Today, financial services organizations are swamped in data because of regulatory requirements, years of rapid growth, mergers and acquisitions, and Internet-accessible data. This flood has many firms struggling with disparate sources and varying degrees of data quality. There are several reasons your organization might choose to integrate its data, including, business analytics, regulatory compliance and risk management.
For risk managers and chief risk officers, the first step in developing a risk strategy should be to analyze the enterprise data management. Joyce Norris-Montanari writes that companies began using database management systems instead of flat file systems as early as the 1960s. According to Norris-Montanari, this integration is beneficial because your organization can access all of its data from one source using one platform with fewer security issues. What a great idea.
Data integration provides accurate, consistent information to decision makers, analysts and regulators. It enables collaboration and easier reusability across your organization - all with a single point of IT administration. Here are some data integration best practices from TDWI:
- When done well, regardless of the data integration (DI) technique used - ETL (extract, transform, and load), data federation, database replication, data synchronization, sorting, and changed data capture – DI adds value to your data by improving its content or creating data structures that wouldn’t exist without DI.
- Data integration techniques support a variety of business initiatives and technology implementations including analytic data, operational data and cross-functional data integration (e.g., master data management, customer data integration and product information management).
- When defining DI, stay focused on the value proposition seen in transforming and repurposing data; avoid definitions that stress the secondary access, copy and transfer of data.
- Traditionally, DI was staffed and managed by larger, related data management teams. Today, many organizations are streamlining with independent teams of DI specialists who perform a wide range of DI work.
- Data integration specialists should always raise the bar by looking for ways to add further value to data as they integrate and repurpose it.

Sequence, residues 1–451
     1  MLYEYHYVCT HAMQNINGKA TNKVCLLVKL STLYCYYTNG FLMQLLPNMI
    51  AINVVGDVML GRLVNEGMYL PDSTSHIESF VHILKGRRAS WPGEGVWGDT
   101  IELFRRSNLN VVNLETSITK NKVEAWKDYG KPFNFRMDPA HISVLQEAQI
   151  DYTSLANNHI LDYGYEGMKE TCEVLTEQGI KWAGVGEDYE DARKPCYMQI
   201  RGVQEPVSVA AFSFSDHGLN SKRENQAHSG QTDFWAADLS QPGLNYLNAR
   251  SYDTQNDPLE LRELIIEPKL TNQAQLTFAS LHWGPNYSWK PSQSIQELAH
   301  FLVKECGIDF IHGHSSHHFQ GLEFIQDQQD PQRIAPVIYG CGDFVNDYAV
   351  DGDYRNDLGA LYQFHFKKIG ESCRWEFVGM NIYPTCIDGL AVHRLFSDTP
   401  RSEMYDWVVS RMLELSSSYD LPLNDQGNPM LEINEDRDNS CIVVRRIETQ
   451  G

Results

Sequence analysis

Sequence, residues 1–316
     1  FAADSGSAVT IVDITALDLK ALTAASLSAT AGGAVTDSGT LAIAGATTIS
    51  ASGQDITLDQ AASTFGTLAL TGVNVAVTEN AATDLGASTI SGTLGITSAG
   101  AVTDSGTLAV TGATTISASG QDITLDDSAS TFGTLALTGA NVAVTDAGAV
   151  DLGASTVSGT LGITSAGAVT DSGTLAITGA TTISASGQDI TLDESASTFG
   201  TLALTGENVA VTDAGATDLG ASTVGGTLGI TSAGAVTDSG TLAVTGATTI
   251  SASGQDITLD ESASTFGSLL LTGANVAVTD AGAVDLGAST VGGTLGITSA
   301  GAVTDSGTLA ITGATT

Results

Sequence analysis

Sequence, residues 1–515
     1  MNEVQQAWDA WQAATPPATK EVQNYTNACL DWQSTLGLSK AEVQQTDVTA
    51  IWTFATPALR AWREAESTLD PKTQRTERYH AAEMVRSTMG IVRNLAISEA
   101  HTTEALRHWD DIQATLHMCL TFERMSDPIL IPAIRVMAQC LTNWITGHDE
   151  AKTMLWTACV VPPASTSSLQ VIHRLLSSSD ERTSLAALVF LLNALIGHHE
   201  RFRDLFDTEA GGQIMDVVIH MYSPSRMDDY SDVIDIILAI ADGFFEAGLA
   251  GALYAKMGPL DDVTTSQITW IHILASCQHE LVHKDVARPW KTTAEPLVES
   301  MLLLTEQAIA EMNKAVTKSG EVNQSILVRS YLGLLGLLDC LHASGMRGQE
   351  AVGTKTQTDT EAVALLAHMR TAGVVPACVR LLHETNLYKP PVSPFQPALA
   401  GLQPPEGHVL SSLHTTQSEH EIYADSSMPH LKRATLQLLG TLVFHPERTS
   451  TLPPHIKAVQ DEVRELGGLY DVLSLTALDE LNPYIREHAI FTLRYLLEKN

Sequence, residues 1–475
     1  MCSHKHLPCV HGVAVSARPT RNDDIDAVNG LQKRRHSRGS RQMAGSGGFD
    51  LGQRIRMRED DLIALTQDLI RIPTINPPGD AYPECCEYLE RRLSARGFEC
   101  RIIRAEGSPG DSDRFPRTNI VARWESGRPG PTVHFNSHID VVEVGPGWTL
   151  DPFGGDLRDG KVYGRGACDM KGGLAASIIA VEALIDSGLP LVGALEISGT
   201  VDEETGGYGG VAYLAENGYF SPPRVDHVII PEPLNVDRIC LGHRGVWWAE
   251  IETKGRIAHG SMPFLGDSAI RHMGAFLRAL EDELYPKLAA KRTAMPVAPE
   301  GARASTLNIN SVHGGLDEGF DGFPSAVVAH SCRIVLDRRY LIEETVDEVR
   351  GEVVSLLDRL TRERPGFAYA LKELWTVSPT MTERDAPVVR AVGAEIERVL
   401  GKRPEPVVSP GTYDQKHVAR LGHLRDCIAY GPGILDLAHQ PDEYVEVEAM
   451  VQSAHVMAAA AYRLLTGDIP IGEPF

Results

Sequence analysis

- Data integration can make data management practices more sustainable by consolidating and collocating redundant databases.
- Adopt hub-and-spoke architecture for most DI implementations. The hub reduces the number of interfaces and provides a pattern everyone can understand and be productive with. (Note: Ensure the work is distributed beyond the hub.)
- Although an autonomous practice, DI should be a product of collaboration. TDWI Research defines collaborative data integration as a collection of user best practices and software tool functions that foster collaboration among the growing number of technical and business people involved in DI projects and initiatives.
- Adopt enterprise data management (EDM), so that all data management work is aligned to support strategic, data-driven business objectives, including fully informed operational excellence and BI, plus related goals in governance and compliance. (Read Best practices in data management.)
- Data governance influences all aspects of data integration and can be extremely restrictive or more open to allow access to data in support of project types that are analytic (feeding a data warehouse), operational (consolidating database instances) or cross-business (sharing data with partners).
David Loshin’s post about duplicate records gives a simple explanation about the need for governance and briefly describes how easy it is to let your data get out of control. It is a risky venture, to be sure.